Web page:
Consumer winning marketing strategies

A strategy is generally applied at different aspects of an organization i.e. business or corporate. It can thus be tied to different activities such as their pricing strategies, new product development or promotional strategies.

Consumer decision making process

Many theories regarding the consumer decision making process have been proposed. Many of these theories simply assume that the consumer’s purchase decision processes are made up of several steps which the buyer passes through while purchasing a particular product or service. This may not always be the case. All the decisions which a consumer makes may not necessarily involve all the steps proposed in these theories. Many of these steps are often skipped depending on the type of purchase made.

Andreason (1965) was the first person to propose a model of consumer behavior. The model stresses on the importance of information about the product and other matters concerning the product affect the consumer decision making process. Although it did not take into account the attitude in relation to repeat purchase behavior it was successful in emphasizing the importance of customer attitudes on a whole. After this theory, many more theories were proposed, such as the Freudian Psychoanalytical Model, The  Pavlovian Learning Model, Sociological Model, Nicosia Model, Howard-Sheth Model, Engel-Kollat-Blackwell Model etc.

Consumer attitude

Understanding consumer attitudes toward marketing activities is important for managers considering a variety of communication strategies (Gaski and Etzel, 1986). Like any other area of marketing communication, there are several controversies regarding the appropriateness of event sponsorship (Kahle and Riley, 2004, p. 211). Event sponsorhip strategies, like in case of Indian Premier League too, are noted for their ability to associate sponsors with particular usage situations and to cut through the clutter associated with several marekting communication techniques.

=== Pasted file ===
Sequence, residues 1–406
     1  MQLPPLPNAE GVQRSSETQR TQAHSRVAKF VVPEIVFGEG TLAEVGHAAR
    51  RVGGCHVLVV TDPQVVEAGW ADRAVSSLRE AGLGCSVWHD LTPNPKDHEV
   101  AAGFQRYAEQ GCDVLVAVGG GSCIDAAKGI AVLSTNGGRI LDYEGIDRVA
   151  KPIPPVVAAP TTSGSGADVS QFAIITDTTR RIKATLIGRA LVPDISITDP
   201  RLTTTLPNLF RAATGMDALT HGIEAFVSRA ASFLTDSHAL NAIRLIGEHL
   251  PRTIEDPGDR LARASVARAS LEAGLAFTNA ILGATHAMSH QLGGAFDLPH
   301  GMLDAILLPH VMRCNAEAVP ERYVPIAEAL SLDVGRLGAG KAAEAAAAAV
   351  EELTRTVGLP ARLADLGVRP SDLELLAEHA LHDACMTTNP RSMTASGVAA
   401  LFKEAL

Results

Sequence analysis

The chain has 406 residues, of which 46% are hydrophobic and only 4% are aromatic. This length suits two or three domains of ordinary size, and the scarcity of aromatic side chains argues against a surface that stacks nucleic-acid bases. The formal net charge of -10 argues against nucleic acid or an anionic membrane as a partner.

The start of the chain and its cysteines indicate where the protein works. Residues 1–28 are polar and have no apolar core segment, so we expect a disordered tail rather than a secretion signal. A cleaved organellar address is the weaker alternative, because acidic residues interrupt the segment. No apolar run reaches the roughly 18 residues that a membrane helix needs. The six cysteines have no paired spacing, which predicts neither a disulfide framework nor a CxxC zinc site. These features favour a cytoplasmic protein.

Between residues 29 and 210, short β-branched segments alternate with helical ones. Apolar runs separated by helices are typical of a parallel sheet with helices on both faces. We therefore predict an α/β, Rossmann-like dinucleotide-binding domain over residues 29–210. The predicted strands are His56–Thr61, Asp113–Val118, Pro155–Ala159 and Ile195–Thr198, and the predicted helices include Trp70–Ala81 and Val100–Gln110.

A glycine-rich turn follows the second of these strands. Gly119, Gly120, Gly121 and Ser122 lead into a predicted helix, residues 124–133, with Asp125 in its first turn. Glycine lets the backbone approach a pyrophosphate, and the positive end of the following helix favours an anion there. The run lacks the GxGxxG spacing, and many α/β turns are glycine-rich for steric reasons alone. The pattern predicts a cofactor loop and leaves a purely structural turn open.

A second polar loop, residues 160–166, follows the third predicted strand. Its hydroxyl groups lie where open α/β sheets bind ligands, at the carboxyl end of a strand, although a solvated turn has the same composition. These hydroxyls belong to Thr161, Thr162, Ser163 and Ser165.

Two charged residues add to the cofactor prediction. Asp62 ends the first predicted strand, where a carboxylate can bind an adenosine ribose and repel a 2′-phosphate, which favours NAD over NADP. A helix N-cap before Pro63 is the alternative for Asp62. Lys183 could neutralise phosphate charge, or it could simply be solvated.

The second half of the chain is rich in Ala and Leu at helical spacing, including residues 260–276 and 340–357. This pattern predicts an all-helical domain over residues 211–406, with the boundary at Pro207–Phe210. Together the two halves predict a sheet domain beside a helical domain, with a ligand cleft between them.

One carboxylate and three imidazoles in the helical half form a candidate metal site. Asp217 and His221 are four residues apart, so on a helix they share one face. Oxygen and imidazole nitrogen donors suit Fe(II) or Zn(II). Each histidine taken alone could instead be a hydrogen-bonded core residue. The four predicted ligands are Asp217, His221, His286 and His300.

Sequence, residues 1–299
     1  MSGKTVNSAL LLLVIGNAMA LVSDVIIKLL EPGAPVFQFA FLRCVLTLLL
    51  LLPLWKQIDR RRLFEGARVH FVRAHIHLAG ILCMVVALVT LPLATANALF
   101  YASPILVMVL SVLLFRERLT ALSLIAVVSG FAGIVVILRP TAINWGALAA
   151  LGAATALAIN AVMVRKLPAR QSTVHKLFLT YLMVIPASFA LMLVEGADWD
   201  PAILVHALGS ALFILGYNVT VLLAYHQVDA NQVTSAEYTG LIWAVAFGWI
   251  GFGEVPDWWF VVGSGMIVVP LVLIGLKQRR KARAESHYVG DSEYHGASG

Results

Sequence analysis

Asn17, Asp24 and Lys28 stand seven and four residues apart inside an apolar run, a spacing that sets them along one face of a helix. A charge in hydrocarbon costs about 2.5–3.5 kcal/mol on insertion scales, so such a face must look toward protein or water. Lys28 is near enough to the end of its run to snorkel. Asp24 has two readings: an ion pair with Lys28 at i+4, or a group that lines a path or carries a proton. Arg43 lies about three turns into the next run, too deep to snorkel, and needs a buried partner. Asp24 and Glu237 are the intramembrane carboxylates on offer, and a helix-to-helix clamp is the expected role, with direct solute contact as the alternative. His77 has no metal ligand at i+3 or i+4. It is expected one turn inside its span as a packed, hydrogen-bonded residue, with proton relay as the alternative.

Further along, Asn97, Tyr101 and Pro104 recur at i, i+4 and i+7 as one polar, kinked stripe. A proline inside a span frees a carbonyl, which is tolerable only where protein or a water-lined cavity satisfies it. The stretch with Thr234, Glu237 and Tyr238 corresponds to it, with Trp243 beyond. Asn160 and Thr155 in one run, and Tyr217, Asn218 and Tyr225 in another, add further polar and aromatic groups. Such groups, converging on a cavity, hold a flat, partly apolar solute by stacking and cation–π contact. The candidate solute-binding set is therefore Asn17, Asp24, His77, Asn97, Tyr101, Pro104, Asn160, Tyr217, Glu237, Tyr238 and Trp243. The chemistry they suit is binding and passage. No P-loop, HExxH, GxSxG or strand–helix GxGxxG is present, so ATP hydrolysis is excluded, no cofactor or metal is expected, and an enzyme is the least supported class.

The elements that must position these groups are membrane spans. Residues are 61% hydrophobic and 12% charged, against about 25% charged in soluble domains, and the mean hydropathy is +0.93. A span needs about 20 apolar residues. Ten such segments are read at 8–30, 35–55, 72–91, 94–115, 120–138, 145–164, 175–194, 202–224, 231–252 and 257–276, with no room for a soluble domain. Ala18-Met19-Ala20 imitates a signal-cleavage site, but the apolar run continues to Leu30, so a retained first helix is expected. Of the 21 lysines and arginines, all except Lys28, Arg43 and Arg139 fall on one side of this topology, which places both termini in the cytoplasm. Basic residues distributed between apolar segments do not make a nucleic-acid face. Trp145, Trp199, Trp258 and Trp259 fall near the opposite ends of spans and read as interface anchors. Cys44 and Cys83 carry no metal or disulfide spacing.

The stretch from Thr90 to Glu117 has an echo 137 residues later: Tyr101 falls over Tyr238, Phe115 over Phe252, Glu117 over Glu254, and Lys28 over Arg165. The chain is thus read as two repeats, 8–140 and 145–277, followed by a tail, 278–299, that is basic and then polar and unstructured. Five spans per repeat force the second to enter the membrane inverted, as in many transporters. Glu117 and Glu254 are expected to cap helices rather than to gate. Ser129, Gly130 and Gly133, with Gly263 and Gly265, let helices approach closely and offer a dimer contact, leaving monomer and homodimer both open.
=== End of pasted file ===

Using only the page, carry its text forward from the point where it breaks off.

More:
Marketers can make use of carefully-selected events to gain access to difficult-to-reach markets and exhibit a commitment towards supporting the intended consumers’ interests and lifestyle (Schreiber, 1994; Jensen, 1994). In addition to these consumer-oriented goals, other obejctives can also be served, such as building corporate image or media exposure (Sandler and Shani, 1993). Sponsorship operates differently from traditional advertising strategies in that event title sponsorship like the Sugar Bowl by Nokia, DLF IPL, etc. and arena signage viewed via TC broadcasts or at the event offer limited prospects to relay a selling message (Ukman, 1995; Hastings, 1984).

Winning consumers through your communication

Marketers, at the end of the day, strive to create a positive impact on the product sales via consumer sponsorship strategies. Event sponsorship success can be evaluated in context of the intervening variables like attitudinal measures such as brand preferences. Although Petrecca (1999) reports a positive change in brand perception due to event sponsorship, Crimmins and Horn (1996) note that additional expenditures on promotion are required to make the event clearer in the consumers’ minds.

References

  • Gaski, JF, Etzel, MJ (1986). The index of consumer sentiment toward marketing. Journal of Marketing, 50, 71-81.
  • Kahle, L.; Riley, C. (2004). Sports Marketing and the Psychology of Marketing Communication. Lawrence Erlbaum, NJ.
  • Schreiber, AA (1994). Lifestyle and Event Marketing: Building the New Customer Relationship. New York: McGraw Hill.
  • Jensen, TD; Carlson, L (1994). The effects of multiple endorsements by celebrities on consumers’ attitudes and intentions. Journal of Consumer Research.
  • Sandler, DM & Shani, D. (1993). Sponsorship and the Olympic Games: The consumer perspective. Sport Marketing Quarterly, 2, 38-43.
  • Ukman, L. (1996). IEG’s Complete Guide to Sponsorship: Everything You Need to Know about sports, Arts, Event, Entertainment and Cause marketing. IEG, Chicago.
  • Petrecca, L. (1999, August 30). Visa’s biggest-ever NFL push gets $50 million budget, Advertising Age, pp. 1-40.
  • Crimmins, L. & Horn, M. (1996). Sponsorship: From management ego to marketing success. Journal of Advertising Research, 36 (4), 11-21.
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